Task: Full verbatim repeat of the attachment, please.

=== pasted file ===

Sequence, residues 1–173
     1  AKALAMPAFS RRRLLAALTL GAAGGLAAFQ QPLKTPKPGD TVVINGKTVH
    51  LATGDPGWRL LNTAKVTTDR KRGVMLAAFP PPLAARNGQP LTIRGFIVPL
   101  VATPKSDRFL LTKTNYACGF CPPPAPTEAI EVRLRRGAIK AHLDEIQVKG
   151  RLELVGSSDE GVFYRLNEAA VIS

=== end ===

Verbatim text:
Sequence, residues 1–173
     1  AKALAMPAFS RRRLLAALTL GAAGGLAAFQ QPLKTPKPGD TVVINGKTVH
    51  LATGDPGWRL LNTAKVTTDR KRGVMLAAFP PPLAARNGQP LTIRGFIVPL
   101  VATPKSDRFL LTKTNYACGF CPPPAPTEAI EVRLRRGAIK AHLDEIQVKG
   151  RLELVGSSDE GVFYRLNEAA VIS